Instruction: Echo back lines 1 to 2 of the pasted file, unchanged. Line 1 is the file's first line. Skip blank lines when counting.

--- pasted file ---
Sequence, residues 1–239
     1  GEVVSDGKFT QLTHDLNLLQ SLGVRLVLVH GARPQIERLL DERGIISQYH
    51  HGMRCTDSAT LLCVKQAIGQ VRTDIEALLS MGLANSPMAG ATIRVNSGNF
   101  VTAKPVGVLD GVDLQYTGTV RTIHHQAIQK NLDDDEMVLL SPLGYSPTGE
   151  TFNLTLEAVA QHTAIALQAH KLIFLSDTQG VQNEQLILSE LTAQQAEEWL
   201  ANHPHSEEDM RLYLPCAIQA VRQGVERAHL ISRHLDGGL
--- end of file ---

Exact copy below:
Sequence, residues 1–239
     1  GEVVSDGKFT QLTHDLNLLQ SLGVRLVLVH GARPQIERLL DERGIISQYH